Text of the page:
|Burnout operations are being used to reduce fuel in the path of the Mill Fire in Colusa County, Calif. Photo courtesy of the U.S. Forest Service.|
NORTHERN CALIFORNIA – More smoke rose into a column over the horizon on Thursday as firefighters used burnout operations to thin fuel in the path of the state’s largest wildland fire.
The Mill Fire reached 18,985 acres on Thursday, with 40 percent of the blaze contained, according to the U.S. Forest Service.
Full containment is anticipated next Friday, July 20.
The firefighting effort has cost a reported $5 million so far.
The fire has been burning in brush and timber for nearly a week in the Colusa County side of the Mendocino National Forest, north and east of Upper Letts Lake. The cause remains under investigation.
Firefighters made progress securing fire lines along the east and west flanks of the fire, and the north flank continued to hold well, according to an incident team report.
Forest officials reported that the burnout operations began Thursday afternoon along the southern and eastern flanks of the fire, and were set to continue into the night. Crews used aerial and hand ignition techniques to burn out fuels and strengthen containment lines.
Where slope and wind direction aligned, the fire continued to back down the slope and run uphill, the incident team reported.
The resources and personnel assigned to the incident remain substantial.
Approximately 1,582 firefighting personnel were on scene Thursday, along with 29 Type 1 crews, 13 Type 2 crews, eight helicopters, 100 engines, 19 dozers and 12 water tenders.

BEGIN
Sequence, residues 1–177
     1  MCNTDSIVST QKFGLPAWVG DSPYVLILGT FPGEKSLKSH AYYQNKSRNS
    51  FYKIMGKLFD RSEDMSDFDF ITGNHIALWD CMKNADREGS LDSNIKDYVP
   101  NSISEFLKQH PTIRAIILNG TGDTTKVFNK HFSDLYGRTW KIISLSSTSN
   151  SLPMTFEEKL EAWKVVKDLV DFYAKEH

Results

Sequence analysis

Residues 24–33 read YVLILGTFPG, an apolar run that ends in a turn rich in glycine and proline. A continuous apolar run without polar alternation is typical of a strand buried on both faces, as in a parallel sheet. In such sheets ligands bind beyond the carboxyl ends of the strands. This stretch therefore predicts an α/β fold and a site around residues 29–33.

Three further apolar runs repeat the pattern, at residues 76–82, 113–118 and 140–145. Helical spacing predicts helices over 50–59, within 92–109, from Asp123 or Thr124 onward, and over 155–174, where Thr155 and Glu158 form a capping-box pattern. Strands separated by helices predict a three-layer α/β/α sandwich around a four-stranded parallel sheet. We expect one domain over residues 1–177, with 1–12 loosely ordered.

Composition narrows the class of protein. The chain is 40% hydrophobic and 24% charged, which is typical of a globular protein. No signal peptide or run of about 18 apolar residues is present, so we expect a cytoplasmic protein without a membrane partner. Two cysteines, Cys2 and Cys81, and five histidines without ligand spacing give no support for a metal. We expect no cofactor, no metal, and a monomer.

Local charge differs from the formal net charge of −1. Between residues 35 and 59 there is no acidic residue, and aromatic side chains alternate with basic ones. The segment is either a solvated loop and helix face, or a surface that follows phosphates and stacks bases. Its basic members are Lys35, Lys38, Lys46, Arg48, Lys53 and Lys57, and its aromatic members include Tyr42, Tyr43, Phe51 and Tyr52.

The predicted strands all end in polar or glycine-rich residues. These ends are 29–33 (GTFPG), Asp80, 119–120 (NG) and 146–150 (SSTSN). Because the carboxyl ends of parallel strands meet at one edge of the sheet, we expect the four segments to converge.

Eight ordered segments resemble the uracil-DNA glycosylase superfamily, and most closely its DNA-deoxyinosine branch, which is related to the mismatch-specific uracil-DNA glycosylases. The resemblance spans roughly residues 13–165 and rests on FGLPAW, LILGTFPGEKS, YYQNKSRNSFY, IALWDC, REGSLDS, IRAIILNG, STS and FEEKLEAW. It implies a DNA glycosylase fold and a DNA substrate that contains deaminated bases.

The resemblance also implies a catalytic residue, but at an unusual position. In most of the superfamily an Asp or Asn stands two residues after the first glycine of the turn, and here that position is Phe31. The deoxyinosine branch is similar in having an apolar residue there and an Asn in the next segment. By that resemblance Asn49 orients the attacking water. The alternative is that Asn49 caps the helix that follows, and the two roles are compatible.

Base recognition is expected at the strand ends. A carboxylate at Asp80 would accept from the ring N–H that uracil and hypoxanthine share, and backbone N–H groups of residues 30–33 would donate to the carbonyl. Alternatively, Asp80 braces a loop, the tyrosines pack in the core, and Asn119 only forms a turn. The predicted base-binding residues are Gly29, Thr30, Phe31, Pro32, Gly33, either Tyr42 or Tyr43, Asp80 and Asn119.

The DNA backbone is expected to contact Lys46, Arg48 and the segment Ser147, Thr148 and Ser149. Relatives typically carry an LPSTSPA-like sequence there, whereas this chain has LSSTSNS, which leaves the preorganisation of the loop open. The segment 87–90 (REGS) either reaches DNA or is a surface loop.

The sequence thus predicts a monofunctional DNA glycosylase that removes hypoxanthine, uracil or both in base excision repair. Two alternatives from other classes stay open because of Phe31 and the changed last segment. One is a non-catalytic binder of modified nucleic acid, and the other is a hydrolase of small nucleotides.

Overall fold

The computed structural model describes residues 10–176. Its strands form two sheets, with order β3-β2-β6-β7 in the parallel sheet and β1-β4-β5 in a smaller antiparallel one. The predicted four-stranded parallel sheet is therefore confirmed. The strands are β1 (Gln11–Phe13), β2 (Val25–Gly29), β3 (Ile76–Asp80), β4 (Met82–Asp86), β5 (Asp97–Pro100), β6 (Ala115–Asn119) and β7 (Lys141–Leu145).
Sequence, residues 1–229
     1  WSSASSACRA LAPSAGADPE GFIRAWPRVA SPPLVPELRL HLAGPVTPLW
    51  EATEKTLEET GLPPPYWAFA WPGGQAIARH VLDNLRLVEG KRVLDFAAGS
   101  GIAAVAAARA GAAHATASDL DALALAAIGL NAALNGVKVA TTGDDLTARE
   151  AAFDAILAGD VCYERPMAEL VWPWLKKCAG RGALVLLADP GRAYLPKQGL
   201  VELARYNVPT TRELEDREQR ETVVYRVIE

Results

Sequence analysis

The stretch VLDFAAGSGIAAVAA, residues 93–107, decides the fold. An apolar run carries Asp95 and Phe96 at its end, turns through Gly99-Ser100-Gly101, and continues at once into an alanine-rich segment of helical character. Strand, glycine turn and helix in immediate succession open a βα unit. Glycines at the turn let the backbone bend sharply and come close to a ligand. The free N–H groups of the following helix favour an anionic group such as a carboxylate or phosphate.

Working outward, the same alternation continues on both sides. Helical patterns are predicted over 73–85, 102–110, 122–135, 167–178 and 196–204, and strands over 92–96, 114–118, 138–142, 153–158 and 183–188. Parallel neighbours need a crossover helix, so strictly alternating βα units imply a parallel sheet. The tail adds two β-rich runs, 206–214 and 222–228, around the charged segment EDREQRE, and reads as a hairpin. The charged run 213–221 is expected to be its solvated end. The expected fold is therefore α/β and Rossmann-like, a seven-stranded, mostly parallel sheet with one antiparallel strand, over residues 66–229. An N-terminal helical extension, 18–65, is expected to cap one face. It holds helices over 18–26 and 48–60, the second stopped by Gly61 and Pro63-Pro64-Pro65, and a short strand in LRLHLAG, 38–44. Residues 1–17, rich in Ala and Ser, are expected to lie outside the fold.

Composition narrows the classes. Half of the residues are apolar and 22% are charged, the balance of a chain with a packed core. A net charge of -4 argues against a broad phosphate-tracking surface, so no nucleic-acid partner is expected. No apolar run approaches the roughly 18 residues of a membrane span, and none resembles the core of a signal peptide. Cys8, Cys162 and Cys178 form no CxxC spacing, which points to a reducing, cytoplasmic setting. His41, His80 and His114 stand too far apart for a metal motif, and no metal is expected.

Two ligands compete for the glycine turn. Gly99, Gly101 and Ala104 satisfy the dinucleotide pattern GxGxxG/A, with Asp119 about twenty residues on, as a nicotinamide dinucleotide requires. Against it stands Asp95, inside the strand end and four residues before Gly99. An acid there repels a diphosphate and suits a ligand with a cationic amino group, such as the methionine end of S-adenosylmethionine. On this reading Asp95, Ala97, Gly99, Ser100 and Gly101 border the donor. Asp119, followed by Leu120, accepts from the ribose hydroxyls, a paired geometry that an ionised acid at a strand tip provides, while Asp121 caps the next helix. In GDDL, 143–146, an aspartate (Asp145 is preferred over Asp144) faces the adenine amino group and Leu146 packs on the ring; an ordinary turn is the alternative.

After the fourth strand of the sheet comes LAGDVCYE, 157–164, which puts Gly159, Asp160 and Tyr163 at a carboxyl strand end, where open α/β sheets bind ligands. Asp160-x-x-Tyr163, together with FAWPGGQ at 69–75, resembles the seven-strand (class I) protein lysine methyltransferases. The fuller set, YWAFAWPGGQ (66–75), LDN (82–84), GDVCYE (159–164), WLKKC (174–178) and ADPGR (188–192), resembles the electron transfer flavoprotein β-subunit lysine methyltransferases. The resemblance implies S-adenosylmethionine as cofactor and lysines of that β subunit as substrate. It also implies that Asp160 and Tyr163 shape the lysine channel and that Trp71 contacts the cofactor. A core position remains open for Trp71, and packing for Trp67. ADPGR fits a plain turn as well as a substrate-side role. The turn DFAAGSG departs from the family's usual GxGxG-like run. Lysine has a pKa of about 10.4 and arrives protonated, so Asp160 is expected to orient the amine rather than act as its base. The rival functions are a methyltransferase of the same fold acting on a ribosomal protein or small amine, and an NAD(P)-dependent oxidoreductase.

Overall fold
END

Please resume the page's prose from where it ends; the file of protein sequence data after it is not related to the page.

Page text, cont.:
A closure order remains in effect for the Mendocino National Forest for all roads and trails in the recreation area outside Stonyford on the south central portion of the Grindstone Ranger District.
Officials said the fire has impacted 90 miles – or two-thirds – of the Grindstone Ranger District’s off-highway vehicle trail system.
On Thursday, the Bureau of Reclamation announced that East Park Reservoir in Colusa County was closed to recreational activities due to safety concerns including air quality and emergency vehicles operating in the area.
Local Forest Service officials and the incident management team are in close communication with local air quality management districts, and also are working with agricultural business operations in nearby areas. In addition, the Forest Service and the California Air Resources Board have set up smoke monitors.
The fire has resulted in air quality alerts in Lake and Mendocino counties, with clearer conditions and slightly cooler temperatures expected Friday.
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